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Shocking misappropriation of disaster funds

October 12, 2012


Editorial: Gov't must move fast to ensure disaster recovery cash flows to areas in need



Revelations that large portions of the national budget allocated to recovery from last year's Great East Japan Earthquake, tsunami and ongoing nuclear disaster have been funneled to non-disaster areas has caused wide repercussions. The opposition bloc sought to hold a meeting of a House of Representatives Audit and Oversight of Administration Committee subcommittee to get to the bottom of the matter, but it was called off when members of the ruling Democratic Party of Japan (DPJ) failed to show up.

It is disgraceful that not only have funds been effectively misappropriated for purposes that are not necessary related to post-quake reconstruction, but that the government's response has been so passive once the facts emerged. Prime Minister Yoshihiko Noda's attitude toward the issue is too lax, and we demand that the government address the issue promptly, including conducting a fundamental review of the reconstruction budget.

The party that once led investigations into "vanished pensions" and other money issues seems to be no longer. In spite of questions being raised about how taxes are spent, the DPJ will not agree to a deliberation in the Diet, which is in recess. It is a sign that the party has begun to put its guard up.

Examples of the questionable use of the reconstruction budget continue to emerge. According to reports, a total of 12 billion yen was spent on seismic renovations of government agency facilities. Did it not occur to the Ministry of Land, Infrastructure, Transport and Tourism or the Ministry of Finance to demand that priority be placed on seismic

renovations of local government facilities in disaster areas, since the funds were set aside for reconstruction? Whatever happened to a sense of responsibility among those in government service?

Reconstruction Minister Tatsuo Hirano has requested the Finance Ministry to conduct a fact-finding survey, and the Government Revitalization Unit of the Cabinet Office has launched its own investigation. However, it's already been one month since the airing of public broadcaster NHK's special program that first uncovered the questionable spending, and over two weeks since we demanded that the issue be resolved. Perhaps the reason the government has been so slow to respond is because the prime minister has not shown a willingness to lead the way.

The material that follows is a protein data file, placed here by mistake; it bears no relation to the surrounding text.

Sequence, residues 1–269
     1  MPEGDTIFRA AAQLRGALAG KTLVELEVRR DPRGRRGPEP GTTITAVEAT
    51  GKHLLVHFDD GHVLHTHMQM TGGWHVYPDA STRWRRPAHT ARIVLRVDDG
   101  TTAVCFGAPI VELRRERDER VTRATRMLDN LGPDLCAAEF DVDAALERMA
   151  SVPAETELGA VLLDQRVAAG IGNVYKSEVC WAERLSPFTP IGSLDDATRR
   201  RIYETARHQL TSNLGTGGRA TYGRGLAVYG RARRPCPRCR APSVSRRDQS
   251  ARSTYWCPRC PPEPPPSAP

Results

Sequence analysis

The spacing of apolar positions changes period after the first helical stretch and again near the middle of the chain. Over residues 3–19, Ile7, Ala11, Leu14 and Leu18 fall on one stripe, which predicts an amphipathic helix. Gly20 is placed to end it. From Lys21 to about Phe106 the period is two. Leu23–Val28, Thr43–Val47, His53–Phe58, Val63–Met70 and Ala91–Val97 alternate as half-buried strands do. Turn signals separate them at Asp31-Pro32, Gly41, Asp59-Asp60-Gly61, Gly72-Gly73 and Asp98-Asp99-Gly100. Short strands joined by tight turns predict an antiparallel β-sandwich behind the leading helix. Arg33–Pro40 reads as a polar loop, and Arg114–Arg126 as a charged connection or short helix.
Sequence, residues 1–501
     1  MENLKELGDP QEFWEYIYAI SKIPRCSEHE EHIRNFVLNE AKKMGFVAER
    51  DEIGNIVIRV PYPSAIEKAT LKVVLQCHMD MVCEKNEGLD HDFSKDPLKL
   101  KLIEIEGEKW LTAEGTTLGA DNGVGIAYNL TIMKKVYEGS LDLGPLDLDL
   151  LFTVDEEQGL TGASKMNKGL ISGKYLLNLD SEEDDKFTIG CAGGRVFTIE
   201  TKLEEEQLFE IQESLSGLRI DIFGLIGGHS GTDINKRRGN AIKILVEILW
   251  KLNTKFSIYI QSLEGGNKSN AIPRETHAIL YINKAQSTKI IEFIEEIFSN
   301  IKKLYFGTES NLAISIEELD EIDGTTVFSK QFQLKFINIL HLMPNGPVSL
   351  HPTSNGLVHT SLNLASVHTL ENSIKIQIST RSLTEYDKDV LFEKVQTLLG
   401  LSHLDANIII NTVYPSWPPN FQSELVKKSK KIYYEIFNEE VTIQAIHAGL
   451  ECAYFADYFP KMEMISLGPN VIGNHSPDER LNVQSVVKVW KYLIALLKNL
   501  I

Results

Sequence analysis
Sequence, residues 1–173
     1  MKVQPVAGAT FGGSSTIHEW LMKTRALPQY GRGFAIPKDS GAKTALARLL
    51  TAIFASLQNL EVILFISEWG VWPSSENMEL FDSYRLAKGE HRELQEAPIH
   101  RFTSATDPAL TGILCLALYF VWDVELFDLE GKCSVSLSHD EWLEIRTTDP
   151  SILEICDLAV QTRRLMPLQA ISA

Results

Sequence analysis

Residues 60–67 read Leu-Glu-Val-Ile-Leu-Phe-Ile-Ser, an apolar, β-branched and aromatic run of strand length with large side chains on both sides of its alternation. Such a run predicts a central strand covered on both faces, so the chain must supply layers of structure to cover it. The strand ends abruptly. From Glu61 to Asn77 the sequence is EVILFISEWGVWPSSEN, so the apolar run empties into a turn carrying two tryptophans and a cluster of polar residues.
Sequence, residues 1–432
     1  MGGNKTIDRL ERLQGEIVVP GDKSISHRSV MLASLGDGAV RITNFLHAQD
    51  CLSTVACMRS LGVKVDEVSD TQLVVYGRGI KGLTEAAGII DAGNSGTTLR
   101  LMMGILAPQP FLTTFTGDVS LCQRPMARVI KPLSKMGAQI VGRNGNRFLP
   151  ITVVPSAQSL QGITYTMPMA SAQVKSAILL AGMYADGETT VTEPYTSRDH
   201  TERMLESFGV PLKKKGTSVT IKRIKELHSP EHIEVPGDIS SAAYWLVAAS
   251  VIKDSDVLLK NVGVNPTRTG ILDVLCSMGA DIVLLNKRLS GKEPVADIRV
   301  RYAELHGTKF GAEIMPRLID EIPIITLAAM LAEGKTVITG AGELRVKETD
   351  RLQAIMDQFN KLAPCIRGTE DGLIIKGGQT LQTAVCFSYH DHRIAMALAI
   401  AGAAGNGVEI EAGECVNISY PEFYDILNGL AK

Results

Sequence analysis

Among the examples of spending that have come under fire, there are cases that do not deserve criticism. The first task is to comb through all spending so far, and sort it into that which was truly related to reconstruction efforts and that which wasn't. Some cases may call for a halt to budget implementation.

Once that sorting process is completed, the approximately 1.2 trillion yen of the "national disaster countermeasures" budget not under the jurisdiction of the Reconstruction Ministry should be split off from the approximately 4.5 trillion yen in the fiscal 2013 special budget request for reconstruction. Without such drastic moves, reconstruction funding will end up in non-disaster areas. Such a situation will not appease taxpayers, now burdened with a 25-year tax increase to fund the reconstruction efforts.

Some in the opposition bloc see this as a prime opportunity to attack the current administration. However, the basic policy laid out by the government last year was worded in such a way that allowed for the possibility of allocating reconstruction funds to non-disaster areas. Plus, it's unlikely that the use of past budgets was ever pursued so fervently in the Diet.

We are now at a point where the opposition should actively let the government know what it should do. Our first priority should be to correct the government's past errors so that necessary and sufficient reconstruction funding is delivered to areas struck by last year's triple disasters.

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